[tz] Reason for removal of several TZ abbreviations

Brian Inglis Brian.Inglis at SystematicSw.ab.ca
Wed Dec 6 04:50:55 UTC 2017

On 2017-12-05 20:18, Russ Allbery wrote:
> David Patte ₯ <dpatte at relativedata.com> writes:
>> The original reason for the latest discussion was actually precipitaed from
>> a request of clarity into why Greenland time zone designator was changed
>> from WGT/WGST to -3. The original author said that he felt WGT/WGST was in
>> common usage.
> I think the abbreviations are a much different issue than the zone 
> identifiers, and I'd personally love to see them go away completely (even 
> ones like PDT).
> I know that's too radical to be practical, but those three or four character
> abbreviations are traps for the unwary. There aren't enough places to put
> disclaimers about them, people constantly assume they're unique when they're
> not, and I've found far, far too many buggy date parsers that try to extract
> meaning from them. Replacing as many of them as possible with simple offset
> indications or some other mostly meaningless string is a service to future
> programmers as far as I'm concerned.

Just you wait to see what they come up with to generate the previous output! ;^>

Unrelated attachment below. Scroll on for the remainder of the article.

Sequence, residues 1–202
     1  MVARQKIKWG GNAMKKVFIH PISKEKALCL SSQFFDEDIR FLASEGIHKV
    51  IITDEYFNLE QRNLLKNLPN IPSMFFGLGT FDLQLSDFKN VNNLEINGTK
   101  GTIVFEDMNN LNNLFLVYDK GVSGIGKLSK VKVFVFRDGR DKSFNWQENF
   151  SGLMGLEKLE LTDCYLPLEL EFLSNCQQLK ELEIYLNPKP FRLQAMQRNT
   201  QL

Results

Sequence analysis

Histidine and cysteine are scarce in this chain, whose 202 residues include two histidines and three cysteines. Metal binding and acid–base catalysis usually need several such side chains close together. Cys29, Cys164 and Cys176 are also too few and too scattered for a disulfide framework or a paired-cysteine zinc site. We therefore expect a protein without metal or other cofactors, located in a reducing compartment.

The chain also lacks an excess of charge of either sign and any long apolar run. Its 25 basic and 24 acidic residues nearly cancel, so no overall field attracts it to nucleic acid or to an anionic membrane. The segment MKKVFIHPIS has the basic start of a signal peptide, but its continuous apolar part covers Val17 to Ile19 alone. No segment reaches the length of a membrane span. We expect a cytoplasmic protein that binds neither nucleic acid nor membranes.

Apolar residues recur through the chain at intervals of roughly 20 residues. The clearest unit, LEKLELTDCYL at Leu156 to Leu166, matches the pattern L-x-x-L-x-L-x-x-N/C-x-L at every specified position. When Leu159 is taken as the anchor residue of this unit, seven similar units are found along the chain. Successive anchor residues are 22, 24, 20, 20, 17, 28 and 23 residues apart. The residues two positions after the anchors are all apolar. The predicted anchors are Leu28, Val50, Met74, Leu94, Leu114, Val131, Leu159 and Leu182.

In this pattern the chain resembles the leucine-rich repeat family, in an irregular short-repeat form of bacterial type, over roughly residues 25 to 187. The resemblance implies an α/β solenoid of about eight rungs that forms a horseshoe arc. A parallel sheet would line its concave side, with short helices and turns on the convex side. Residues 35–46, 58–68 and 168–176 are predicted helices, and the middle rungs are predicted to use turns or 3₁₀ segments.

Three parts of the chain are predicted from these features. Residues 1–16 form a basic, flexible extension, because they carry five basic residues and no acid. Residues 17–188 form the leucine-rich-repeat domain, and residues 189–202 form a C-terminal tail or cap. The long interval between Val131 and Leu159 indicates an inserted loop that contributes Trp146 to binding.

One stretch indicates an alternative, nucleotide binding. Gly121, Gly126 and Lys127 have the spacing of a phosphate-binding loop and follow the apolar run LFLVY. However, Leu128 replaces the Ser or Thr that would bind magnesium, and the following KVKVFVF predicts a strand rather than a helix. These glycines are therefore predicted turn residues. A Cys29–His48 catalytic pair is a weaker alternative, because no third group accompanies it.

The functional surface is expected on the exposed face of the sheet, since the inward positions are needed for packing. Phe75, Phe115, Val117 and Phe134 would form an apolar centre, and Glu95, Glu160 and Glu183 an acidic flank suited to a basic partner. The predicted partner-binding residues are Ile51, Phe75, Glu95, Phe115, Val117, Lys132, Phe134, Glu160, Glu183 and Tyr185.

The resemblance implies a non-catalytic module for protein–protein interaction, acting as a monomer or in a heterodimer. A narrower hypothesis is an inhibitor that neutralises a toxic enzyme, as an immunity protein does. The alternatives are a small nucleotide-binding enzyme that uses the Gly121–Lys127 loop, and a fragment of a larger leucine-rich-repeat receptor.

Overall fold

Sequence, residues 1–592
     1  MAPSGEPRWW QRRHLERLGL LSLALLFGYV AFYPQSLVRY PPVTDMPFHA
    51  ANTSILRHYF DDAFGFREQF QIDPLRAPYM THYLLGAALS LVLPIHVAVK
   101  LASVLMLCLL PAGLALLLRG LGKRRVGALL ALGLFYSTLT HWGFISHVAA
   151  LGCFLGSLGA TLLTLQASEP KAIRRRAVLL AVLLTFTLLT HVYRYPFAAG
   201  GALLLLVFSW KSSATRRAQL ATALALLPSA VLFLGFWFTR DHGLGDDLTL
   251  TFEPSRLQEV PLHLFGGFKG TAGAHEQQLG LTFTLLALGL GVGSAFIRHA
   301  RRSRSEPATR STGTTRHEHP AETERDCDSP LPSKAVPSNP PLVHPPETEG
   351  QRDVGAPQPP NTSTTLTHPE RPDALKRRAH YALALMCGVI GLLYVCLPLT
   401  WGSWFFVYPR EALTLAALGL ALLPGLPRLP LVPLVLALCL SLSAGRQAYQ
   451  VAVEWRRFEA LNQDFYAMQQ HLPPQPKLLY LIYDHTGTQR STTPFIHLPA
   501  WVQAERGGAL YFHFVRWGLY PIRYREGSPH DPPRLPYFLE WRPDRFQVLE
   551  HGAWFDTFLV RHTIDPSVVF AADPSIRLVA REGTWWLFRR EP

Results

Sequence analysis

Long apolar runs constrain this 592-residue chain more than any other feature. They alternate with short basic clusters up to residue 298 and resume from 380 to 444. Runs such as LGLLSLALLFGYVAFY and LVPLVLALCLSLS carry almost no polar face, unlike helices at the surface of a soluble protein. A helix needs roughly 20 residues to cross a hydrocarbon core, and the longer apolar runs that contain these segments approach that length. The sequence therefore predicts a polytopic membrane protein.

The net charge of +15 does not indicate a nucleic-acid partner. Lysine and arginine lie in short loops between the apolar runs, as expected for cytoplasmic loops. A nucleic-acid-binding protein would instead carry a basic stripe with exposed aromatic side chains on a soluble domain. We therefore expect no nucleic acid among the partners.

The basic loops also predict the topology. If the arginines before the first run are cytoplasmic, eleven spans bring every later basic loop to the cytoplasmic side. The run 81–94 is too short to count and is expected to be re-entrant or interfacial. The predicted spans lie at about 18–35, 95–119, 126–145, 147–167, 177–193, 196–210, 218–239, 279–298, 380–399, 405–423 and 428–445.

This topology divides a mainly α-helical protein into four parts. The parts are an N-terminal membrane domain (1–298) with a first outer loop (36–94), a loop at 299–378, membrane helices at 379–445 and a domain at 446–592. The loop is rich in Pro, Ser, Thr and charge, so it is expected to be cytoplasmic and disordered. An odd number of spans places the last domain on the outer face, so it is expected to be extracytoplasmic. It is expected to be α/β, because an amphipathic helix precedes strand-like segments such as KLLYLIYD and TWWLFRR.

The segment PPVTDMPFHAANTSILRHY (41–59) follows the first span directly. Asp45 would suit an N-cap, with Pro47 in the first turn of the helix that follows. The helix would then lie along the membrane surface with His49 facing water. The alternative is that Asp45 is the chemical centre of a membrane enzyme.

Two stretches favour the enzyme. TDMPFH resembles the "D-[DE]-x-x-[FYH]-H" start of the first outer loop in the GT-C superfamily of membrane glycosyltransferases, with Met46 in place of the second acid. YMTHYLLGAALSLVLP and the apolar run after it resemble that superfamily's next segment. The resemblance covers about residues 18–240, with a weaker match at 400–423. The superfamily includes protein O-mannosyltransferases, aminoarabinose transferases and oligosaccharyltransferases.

Assumptions about the importance to users of these historical artifacts, and
bikeshed arguments about "compatibility" often prevail, when the appropriate
input should be - it was made up and has been dropped - how much can you afford
to pay to keep it around?

People have compiled and used calendars for millenia, Gregorian calendars for
over 250/400 years, standard time zones for over a century, summer daylight
saving times for about a century, leap seconds for 45 years, and programmers
still get simple things badly wrong, that could be easily tested and checked
using suitable APIs or apps on the same system, or many other systems.

The C and POSIX standards should have defined an opaque temporal type with
access only via the API, and later an opaque calendrical type and API, perhaps
optional, to extend this on hosted implementations.
It's a benefit that tz handling is effectively opaque to most programmers.

Take care. Thanks, Brian Inglis, Calgary, Alberta, Canada

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